Substance and Form–Philosophy and Physics

©Fernando Caracena 2014

Motivational Preliminaries

The pair of ideas of substance and form have motivated philosophy for millenia; and, physics as well. Serious discussion involving this pair of ideas leads inexorably to the subject of God and creation. God is far from a fashionable topic in modern philosophy and science. Usually God is treated seriously only on safe religious turf. Most serious scholars avoid the topic like the plague, and  are happy to leave it to the theologians to venture there. Unfortunately, theologians are seriously hobbled in discussing God by being constrained by their various doctrinal positions, to which they are committed to by their faiths. As a result of conflicts of dogma, many serious scholars express skepticism about theological matters, and take up agnostic and atheistic positions, especially since we see the bloody effects of religious fanaticism. Here however, we venture into a serious discussion involving the controversial trio of subjects: God, substance and form. History shows that these concepts have motivated a lot of physics, and physicists still carry a lot of the genetic, mental inheritance issuing from these concepts in their mental veins.

Ancient ideas about Substance and Form


The ancients lacked the necessary conceptual tools, scientific and philosophical, to be able to discuss technically the details of the concepts of substance and form. Instead, they used allegory in place of our modern use of theory. The Biblical book of Genesis presents truths about creation in an allegorical form. Allegory and mythology served the ancients in the same way that theory serves us moderns. Genesis does not equivocate, "In the beginning God created heaven and earth." This first of creation of s substrate was without form. The Bible calls the primordial substance out of which God fashioned all of creation, 'water', explicitly, and implicitly by 'the deep'. Initially, darkness and chaos covered this substrate of creation. God continued the work of creation by creating light, separating darkness from light and waters above from those below. That is, by flowing into his creation (light) he ordered the substrate into two parts, which he irradiated with his living presence.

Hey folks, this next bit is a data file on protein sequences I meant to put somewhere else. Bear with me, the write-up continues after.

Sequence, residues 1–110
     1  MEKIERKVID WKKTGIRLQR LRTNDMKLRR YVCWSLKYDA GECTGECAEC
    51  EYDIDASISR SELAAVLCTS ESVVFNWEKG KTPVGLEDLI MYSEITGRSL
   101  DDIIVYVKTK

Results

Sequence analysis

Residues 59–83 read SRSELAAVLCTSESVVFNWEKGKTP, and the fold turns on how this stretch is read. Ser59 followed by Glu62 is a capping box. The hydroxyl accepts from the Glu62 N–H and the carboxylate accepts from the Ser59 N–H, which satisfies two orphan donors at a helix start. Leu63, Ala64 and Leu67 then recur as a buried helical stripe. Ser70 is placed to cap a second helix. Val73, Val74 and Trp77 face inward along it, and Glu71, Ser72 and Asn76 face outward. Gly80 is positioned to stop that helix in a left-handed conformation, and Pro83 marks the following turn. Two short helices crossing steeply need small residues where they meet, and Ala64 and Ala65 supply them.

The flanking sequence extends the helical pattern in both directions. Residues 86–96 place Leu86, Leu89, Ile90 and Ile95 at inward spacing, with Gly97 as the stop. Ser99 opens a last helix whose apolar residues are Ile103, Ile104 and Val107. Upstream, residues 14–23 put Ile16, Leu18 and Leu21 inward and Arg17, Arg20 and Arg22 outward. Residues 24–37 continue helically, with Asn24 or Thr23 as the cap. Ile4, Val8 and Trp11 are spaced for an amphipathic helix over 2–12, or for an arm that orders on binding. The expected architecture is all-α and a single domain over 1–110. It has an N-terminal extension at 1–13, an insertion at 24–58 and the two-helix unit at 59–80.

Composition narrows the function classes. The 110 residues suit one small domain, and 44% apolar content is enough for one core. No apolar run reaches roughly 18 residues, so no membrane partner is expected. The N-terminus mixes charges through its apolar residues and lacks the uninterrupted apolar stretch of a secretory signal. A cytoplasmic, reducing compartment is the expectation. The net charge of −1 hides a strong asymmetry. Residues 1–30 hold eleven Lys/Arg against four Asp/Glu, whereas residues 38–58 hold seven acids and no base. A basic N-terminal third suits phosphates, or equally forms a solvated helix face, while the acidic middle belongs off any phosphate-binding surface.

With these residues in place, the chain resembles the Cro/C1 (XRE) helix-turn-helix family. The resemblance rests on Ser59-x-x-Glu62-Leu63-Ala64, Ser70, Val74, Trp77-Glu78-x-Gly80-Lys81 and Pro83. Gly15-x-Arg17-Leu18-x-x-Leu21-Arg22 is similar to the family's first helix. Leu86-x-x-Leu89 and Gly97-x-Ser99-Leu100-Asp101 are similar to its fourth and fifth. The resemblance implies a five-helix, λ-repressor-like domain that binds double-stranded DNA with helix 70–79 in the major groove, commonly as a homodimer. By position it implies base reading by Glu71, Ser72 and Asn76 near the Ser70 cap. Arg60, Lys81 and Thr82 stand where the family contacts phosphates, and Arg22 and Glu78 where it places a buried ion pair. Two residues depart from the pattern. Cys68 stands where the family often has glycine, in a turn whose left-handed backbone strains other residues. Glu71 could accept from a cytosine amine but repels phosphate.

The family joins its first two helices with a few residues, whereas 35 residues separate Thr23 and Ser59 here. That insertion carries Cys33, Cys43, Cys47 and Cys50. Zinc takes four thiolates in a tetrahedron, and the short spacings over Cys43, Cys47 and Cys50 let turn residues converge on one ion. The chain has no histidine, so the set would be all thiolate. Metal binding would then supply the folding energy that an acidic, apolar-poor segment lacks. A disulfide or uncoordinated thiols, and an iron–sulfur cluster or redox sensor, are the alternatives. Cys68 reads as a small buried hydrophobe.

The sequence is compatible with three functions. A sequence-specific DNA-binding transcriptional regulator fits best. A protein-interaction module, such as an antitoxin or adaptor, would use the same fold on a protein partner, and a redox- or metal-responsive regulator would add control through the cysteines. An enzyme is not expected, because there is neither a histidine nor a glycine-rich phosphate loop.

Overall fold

Transition to theory instead of allegory

Thales (c. 624 –c. 545 bc), often hailed by philosophers as the pioneer who made the philosophical transition from allegory and myth to some kind of scientifically-based theory, himself could not think of anything better to use as a primordial substance than water. And why not? Observations and science did not suggest otherwise. Did not plants take up water through their roots, which through the magic of sunlight they converted into food? Wasn't water observed to switch phases reversibly from solid to liquid and vapor, yet always remaining the same substance through these changes of state?  It was not until the emergence of chemistry through the such work as that of Antoine-Laurent de Lavoisier (1743 – 1794), that science revealed the details of what was really going with matter.

Thales's idea was that God reshaped the primordial substance into the multitude of various substances from ideas of the divine mind. Somehow, when an ancient Greek philosopher said things similar to those contained in Scriptures his ideas were more acceptable in the world at large–perhaps because what is religious usually requires commitment, but not philosophy, which is a Grand-Central-Station of ideas. However, the realm of really serious thought about what constitutes reality is larger than religion and covers the same territory, which is Spirituality, and has a broader appeal that unites a larger group of human interests.